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Class notes: How-to

How to build an important collection

Gregg Philipson, BS ’73, Founder of the Gregg and Michelle Philipson Collection and Archive

Illustration of a man tending to a collection of items

Illustration by Dave Murray

Interview by Michael Flatt

Watch Video: Philipson on his life as a collector
Click to play video

Whether it’s rare books, ceramic cows or baseball cards, it seems almost everyone has a collection of some sort. The Philipsons, however, are no hobbyists. With artifacts numbering in the tens of thousands, their collection draws curators from museums like Yad Vashem, the World Holocaust Remembrance Center in Jerusalem, and the United States Holocaust Memorial Museum in Washington, D.C. Rotating among various museums and the Philipsons’ home in Austin, Texas, the collection tells the stories of individual lives, primarily those affected by World War II and the Holocaust.

Philipson discovered his passion for collecting while researching his own family’s history. “I was trying to figure out how they came to the U.S., why they came, and find artifacts to support that,” he says. In the process, he learned that a large portion of his and his wife’s families had died during the war, either as soldiers or victims of the Holocaust. The items he found became some of the first artifacts in their collection.

The parameters of the Philipsons’ archive are loosely defined. “My wife would argue that there are none,” Philipson says, chuckling, “but that’s not exactly true.” The focus is Holocaust-era materials, but the collection also includes items related to other forgotten actors in history, like Jewish and African-American figures of the American Revolution. Some of their most sought-after pieces are original works by satirical artists like Arthur Szyk and Dr. Seuss, who was a political cartoonist during World War II. “We’re trying to tell not just the story of the Holocaust, but the story of specific people,” says Philipson. “You want to understand what drove people, like these artists, to do what they did.”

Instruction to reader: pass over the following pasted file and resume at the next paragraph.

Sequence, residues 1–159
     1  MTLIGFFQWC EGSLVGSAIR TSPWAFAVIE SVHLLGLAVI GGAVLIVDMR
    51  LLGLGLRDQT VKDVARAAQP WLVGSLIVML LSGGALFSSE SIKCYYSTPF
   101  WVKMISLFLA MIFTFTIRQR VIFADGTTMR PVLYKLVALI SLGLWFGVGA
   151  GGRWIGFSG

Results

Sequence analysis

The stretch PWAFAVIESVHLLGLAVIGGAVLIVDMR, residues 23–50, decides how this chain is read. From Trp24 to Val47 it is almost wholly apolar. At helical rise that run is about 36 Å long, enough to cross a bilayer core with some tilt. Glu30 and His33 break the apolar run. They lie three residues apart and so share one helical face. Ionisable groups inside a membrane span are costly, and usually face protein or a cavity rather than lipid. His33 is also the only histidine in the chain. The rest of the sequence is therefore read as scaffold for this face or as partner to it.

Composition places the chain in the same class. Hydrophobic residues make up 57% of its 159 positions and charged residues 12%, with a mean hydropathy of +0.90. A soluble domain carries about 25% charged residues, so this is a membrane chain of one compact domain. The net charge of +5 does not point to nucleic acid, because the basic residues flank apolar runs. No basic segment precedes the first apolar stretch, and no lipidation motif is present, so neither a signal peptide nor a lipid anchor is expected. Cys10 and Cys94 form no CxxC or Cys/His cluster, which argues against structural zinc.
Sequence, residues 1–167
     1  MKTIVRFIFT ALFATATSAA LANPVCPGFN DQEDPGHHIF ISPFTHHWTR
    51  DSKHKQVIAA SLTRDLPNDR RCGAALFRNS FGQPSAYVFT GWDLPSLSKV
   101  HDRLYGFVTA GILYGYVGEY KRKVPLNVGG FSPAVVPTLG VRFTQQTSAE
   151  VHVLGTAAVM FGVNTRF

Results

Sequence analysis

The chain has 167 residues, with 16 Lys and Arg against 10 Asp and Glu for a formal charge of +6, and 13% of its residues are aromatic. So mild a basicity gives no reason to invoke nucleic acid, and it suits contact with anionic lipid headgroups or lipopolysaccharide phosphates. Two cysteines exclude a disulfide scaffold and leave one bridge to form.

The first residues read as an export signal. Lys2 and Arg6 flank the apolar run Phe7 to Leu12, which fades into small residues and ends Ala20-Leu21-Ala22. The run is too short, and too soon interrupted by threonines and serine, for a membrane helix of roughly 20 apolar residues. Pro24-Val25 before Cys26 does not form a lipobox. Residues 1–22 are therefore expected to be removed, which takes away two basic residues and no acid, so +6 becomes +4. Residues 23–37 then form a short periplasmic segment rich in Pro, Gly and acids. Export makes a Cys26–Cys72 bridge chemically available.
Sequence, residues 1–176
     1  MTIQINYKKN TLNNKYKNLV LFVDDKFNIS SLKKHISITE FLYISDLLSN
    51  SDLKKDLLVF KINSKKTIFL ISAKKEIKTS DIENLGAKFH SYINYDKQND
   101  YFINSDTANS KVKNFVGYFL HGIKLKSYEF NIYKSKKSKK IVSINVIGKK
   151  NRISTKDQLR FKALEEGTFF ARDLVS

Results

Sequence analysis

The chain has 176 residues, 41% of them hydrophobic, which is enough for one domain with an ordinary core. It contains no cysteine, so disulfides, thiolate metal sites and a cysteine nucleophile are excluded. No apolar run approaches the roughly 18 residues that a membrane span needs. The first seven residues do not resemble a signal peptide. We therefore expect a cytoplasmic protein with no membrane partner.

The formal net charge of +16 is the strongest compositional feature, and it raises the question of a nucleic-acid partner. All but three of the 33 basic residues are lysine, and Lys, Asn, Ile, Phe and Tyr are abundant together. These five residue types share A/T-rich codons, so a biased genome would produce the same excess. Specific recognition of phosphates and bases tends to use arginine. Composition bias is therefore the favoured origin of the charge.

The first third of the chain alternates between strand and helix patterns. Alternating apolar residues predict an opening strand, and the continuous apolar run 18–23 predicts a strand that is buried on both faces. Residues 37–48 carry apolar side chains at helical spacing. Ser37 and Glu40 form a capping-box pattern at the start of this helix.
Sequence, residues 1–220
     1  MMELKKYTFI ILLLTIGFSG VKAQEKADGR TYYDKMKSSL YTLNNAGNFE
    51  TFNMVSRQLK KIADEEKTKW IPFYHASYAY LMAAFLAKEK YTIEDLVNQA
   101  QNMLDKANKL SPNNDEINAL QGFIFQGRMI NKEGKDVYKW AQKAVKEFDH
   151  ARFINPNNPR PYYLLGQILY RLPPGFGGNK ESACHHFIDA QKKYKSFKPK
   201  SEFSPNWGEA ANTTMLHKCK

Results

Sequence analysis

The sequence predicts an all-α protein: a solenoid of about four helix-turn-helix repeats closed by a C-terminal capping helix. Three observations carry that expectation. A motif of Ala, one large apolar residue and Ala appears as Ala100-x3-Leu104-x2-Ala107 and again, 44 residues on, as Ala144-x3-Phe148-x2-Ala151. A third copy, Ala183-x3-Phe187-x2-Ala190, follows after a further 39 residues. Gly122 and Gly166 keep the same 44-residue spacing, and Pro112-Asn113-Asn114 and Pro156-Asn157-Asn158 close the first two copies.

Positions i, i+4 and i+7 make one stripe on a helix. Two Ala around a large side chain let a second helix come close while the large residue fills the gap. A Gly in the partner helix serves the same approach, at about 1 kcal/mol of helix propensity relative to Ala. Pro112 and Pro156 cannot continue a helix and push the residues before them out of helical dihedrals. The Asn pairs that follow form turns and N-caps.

We asked Philipson what it takes to become a serious collector.

Do your homework
Sit down and research the environment of your subject. You have to understand what’s out there before you delve into it, otherwise you end up buying forgeries or counterfeit items. I made that mistake myself.

Build a network
Some of the best material I find comes from people I’ve previously done business with. If you just go to the online sources that everybody goes to, you’re going to pay higher prices and only find the common stuff.

Negotiate with care
I’m sure there are people who haggle, but I don’t. Sellers can take stuff so personally, it’s unbelievable. I may tell someone what I think the fair market value is, and go from there, but that’s it. 

Know what you want and don’t dillydally
One item I tried but failed to acquire was a baseball cap designed by Dr. Seuss while he was drawing ads for Esso Oil Co. The first time I saw it I bid too low and I lost it. Just a few days ago, another one appeared on eBay and I snagged it. I was not about to let it go a second time.